Prosecards from the Edge (of a Continent)

A running commentary on my life in Izmir, Turkey...and other thoughts.

Wednesday, May 02, 2007

Outsider Days

There are days when you want to cry -- when nothing works and everything seems to be conspiring against you; when you try to ask for help, you find that you can finally (finally!) formulate the questions, but it doesn't do you a damn bit of good, because you can't understand the torrent of verbiage that gets thrown back at you. You are helpless, an infant unable to get its simplest needs met, and all you want to do is jump up and down and scream. Nothing makes sense. Everything is done the opposite of how it would be done in your own country. You can't make heads or tails of things -- there's no comprehensive city street map, no yellow pages, no map of bus lines, no names on the bus stops, no address lookup system, no way to find anything except by asking, asking, asking. Asking, and not understanding the answer, because the answer is never simple. Seemingly straightforward yes/no questions become opportunities for monologue, and in the end you step away from your interlocutor with a bemused look, none the wiser and a little more desperate than before. And as your desperation mounts, whatever language skills and common sense you have acquired gradually melt away. You feel so very lost, you start to wonder if you are of far below average intelligence, and the worst of it is that you don't even know a soul to turn to who would understand what you are going through, this half-life you are living, this constant feeling of 'outsiderness'. At least twice a day I get asked 'Siz yabancı mısınız?' (Are you a foreigner?) ("DOES IT MATTER???!!!!" I want to shout back on the bad days.) It is draining to be a perpetual foreigner, to never quite understand the what's and why's of anything. To miss most of group conversations. To be so slow formulating your reply to what someone has said to you that they lose patience and start to talk about something else, or look at you as if wondering whether you're not the sharpest tool in the shed.

I am on my way to work. I decide to take the bus instead of the ferry, because the bus goes nearly door to door. A kilometer or so from my stop, the bus collides with a taxi. We come to a dead stop; the police are called, everybody waits. A few people get off the bus. I hesitate, wondering how soon we will be underway, whether I should seek alternate transportation. The bus and taxi are blocking the entire road, bringing rush hour traffic to a dead stop and giving rise to a cacophony of horn-honking. Finally the police arrive, survey the situation, and the bus pulls off to the side. Traffic begins to flow again. A dolmuş (shared taxi) stops. I ask the driver if he's going to Gazi Boulvarı...the reply is a rapid-fire torrent of words that nearly sweep me away. I had been expecting just a nod or the Turkish 'no' -- a click of the tongue and raised eyebrows. Certainly I had not anticipated this. Unsure, I thank him, close the door, and watch as he drives off. Other buses come, all with unknown numbers and unheard of destinations. Is anyone going where I'm going? I start to panic. I'm teaching in 15 minutes. But somehow I am suddenly linguistically paralyzed, and the paralysis is metastasizing and seeping into my physical being. I am frozen on the sidewalk. I finally manage to ask an elderly man how to get where I want to go...again, the response is a cascade of words; my reply an 'excuse me?', and again, the fire-hose response. And then a pause, and the eternal, blasted question: 'Siz yabancı mısınız?' Repress instinct to strangle.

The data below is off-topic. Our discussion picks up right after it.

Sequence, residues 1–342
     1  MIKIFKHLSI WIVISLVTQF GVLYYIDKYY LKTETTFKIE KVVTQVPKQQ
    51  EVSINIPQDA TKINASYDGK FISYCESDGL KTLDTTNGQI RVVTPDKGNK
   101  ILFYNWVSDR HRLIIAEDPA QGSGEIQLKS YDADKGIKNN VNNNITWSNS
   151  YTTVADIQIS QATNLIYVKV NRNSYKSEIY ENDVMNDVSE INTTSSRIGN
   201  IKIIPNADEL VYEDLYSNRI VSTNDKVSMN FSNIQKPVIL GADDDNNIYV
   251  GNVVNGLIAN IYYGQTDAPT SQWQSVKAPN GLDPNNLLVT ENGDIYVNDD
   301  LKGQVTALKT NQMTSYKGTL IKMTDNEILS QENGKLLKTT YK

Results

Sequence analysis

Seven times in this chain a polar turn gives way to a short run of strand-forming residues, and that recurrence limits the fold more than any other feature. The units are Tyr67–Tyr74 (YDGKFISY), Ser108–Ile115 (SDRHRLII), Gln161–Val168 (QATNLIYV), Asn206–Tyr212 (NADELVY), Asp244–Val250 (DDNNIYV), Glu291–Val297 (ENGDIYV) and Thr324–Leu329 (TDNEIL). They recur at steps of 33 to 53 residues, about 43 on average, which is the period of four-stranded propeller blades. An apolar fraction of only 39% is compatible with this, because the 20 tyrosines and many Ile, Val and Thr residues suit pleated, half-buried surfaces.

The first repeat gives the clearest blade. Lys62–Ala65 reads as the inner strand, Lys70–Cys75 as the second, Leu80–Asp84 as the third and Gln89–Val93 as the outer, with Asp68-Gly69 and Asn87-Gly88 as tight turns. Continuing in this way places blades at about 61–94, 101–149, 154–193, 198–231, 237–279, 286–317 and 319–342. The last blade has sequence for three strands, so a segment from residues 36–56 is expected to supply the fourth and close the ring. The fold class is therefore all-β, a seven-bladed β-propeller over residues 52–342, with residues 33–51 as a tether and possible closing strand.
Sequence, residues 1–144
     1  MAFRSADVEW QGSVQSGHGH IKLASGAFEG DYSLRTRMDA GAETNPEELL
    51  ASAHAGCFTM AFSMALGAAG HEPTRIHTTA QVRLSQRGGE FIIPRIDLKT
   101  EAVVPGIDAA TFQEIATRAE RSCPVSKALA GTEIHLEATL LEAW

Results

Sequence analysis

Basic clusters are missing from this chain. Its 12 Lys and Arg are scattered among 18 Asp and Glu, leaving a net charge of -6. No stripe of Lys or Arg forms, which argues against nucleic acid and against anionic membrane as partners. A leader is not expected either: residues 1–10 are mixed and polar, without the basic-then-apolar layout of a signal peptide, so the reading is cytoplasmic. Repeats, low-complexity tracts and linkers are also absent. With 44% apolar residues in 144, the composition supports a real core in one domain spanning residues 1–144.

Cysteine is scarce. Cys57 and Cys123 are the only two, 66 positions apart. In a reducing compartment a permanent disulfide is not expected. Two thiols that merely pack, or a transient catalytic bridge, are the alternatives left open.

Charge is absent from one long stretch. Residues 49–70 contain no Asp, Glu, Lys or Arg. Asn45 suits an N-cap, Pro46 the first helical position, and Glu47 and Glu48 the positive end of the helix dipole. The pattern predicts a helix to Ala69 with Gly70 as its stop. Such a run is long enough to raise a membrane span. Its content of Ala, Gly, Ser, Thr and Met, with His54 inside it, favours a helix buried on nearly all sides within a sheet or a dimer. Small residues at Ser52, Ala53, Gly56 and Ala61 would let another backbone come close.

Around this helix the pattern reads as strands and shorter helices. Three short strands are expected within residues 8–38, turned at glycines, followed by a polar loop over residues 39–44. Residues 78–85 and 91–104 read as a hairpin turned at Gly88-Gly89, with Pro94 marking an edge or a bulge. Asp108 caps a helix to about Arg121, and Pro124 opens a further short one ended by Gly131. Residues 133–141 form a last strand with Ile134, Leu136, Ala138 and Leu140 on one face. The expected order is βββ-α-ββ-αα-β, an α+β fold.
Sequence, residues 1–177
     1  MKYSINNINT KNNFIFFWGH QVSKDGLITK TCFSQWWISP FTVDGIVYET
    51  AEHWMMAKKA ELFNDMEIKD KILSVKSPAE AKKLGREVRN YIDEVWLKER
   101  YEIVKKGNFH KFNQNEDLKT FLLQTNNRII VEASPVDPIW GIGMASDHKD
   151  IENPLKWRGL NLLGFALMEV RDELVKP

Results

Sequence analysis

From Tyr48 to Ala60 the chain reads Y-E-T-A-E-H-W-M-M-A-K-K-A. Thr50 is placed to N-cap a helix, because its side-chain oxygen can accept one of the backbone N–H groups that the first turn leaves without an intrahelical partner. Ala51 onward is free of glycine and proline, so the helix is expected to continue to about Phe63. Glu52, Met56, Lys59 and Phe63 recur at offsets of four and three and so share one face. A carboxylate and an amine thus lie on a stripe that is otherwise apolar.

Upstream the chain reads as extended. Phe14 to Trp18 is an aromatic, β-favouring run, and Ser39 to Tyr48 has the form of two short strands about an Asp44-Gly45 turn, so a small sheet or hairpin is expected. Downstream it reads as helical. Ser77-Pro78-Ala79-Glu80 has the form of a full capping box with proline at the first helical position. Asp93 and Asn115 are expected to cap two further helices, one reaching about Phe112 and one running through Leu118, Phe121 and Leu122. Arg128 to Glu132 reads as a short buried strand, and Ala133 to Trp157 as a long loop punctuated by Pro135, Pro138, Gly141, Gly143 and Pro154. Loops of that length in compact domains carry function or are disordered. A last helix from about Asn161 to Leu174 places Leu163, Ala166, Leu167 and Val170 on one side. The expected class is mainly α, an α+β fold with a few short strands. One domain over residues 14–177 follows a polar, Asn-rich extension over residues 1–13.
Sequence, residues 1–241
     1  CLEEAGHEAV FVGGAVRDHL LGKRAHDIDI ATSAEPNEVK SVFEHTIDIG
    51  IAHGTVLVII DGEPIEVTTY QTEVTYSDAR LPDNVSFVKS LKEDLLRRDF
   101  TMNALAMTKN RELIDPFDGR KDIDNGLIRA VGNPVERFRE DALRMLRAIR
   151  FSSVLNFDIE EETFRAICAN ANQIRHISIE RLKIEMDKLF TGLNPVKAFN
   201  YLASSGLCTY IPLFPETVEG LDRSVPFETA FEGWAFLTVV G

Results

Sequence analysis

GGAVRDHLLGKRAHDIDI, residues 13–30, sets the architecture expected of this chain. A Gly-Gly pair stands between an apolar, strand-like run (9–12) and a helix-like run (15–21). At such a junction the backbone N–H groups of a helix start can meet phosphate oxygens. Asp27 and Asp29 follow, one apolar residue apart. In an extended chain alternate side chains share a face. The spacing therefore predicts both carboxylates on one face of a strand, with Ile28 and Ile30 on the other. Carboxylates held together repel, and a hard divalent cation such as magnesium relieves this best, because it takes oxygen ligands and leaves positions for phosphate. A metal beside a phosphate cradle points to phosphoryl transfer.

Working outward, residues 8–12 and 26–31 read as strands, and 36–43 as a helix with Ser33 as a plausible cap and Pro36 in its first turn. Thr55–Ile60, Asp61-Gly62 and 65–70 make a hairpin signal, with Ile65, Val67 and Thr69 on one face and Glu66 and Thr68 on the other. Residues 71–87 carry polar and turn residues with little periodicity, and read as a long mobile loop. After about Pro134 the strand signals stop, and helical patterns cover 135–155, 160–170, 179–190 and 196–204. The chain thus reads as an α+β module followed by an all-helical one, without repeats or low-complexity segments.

I don't know why it never occurs to me to ask people if they speak English. Mostly they don't anyway, but the interesting thing is that it never occurs to me. I bumble on in their language, not understanding their responses, growing increasingly desperate and probably not any more polite. Perhaps feigning total ignorance of the language would actually get me further...reverse psychology is a handy tool, I find -- remove the pressure, watch the ability to perform come rushing back.

Five minutes later, I inquire with yet another bus driver. Is he going my way? He responds with an answer I can understand - that single downward tilt of the chin that means 'yes'. Relieved beyond reason, my panic dissipates and all the Turkish I have learned and suddenly forgotten comes rushing back. Without hesitation or grammatical mistakes, I say, "I was on the bus that had an accident. Do I have to pay again?" A click of the tongue, an upward thrust of the chin is his very understandable answer -- no.

The day is somewhat saved as I rush into my class. The relief is immense, and yet there lingers a gnawing kernel of long can I live like this, an impotent outsider? That it will end in an extreme -- triumph or utter disaster -- seems certain.


At 12:41 AM, Blogger Hope said...

Hi Kate!

I haven't heard from you for a bit, I hope you are fine. I do so understand this situation, I DO. Let's catch up on e-mail soon and I can commiserate with you.

Hang in there girl, tomorrow will be a better day!

At 10:54 AM, Blogger Kate's Blog said...

Dear Hope, thanks for the empathy! It's very welcome. :-) Sorry I've been incommunicado...time seems to be moving at warp speed these days, and I simply don't know what happens to it. I'll definitely get an email off to you today! -K

At 11:26 PM, Blogger mary jane said...

Kate, My dad lived in Turkey and can completly understand yur feelings. I have only been able to travel to Mexico and with my limeted Spanish would be in the same fix.
Hang and there and be tough.
My thoughts are with you.

At 2:07 PM, Anonymous Anonymous said...

Mary Jane, where was your dad living in Turkey? Thanks for all the encouragement and good wishes -- they are much appreciated. :-)


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